Glyphosate, the chemical found in the world’s most widely used weed-killer, can have disruptive effects on sexual development, genes and beneficial gut bacteria at doses considered safe, according to a study presented at the European Parliament on Wednesday (16 May).
The study was conducted by the Italian Ramazzini Institute, in collaboration with several European and American universities.
“Long-term exposure to glyphosate-based herbicide can lead to bioaccumulation of the substance”, said Daniele Mandrioli, coordinator of the research activity of the Ramazzini Institute of Bologna, during the presentation of the study.
He added that glyphosate damages the intestinal microbiome of rats born to mothers exposed to concentrations considered safe, with significant and potentially harmful effects, while exposures can alter sexual development and promote the building of tumours.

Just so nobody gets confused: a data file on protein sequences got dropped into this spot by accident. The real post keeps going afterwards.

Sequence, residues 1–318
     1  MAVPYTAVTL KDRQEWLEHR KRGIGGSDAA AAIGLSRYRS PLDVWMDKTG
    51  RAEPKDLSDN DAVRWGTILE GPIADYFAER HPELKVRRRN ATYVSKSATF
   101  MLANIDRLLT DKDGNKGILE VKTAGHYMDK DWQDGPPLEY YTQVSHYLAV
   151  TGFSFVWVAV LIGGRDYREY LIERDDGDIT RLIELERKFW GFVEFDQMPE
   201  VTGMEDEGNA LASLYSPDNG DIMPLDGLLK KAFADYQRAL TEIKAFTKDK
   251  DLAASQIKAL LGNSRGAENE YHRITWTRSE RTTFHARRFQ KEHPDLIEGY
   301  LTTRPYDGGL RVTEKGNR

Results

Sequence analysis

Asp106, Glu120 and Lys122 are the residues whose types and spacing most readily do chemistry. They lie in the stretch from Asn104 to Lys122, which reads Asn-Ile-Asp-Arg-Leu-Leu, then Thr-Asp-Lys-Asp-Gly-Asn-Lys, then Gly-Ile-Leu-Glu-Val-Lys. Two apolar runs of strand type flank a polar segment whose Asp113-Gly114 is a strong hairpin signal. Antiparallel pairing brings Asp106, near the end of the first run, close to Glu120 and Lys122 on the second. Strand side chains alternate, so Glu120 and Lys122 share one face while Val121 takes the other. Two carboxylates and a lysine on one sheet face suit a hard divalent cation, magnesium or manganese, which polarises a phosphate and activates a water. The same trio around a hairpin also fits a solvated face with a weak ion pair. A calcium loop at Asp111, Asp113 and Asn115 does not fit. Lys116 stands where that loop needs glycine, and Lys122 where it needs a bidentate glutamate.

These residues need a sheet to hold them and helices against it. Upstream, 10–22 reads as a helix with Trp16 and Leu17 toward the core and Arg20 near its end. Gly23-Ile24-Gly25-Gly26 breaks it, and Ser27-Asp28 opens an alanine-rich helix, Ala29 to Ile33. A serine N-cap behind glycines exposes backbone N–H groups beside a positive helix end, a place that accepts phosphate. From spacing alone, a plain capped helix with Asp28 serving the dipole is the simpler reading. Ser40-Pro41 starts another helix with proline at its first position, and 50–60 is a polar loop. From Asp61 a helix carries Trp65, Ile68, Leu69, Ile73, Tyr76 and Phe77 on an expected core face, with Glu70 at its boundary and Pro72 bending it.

Researchers examined the offspring of rats that had accumulated glyphosate levels in tissues of 1.75 micrograms per kilogram of body weight, a level which has been defined as the acceptable daily dose by the American Environmental Protection Agency (EPA).
Glyphosate was administered to rats for three months, dissolved in water. Although the newborn rats did not come directly into contact with the active substance, the researchers observed significant and potentially harmful effects on intestinal microbiome in them.
“The body accumulates glyphosate over time,” Mandrioli explained. “In addition, the herbicides examined may have genotoxic and reproductive consequences on the intestinal flora after exposure to doses considered safe”.
“This is new and it worries us,” added Fiorella Belpoggi, head of research at the Ramazzini Institute and director of the Cesare Maltoni Cancer Research Centre.
The three articles describing the first phase of this large study will be published on 29 May in the Environmental Health journal.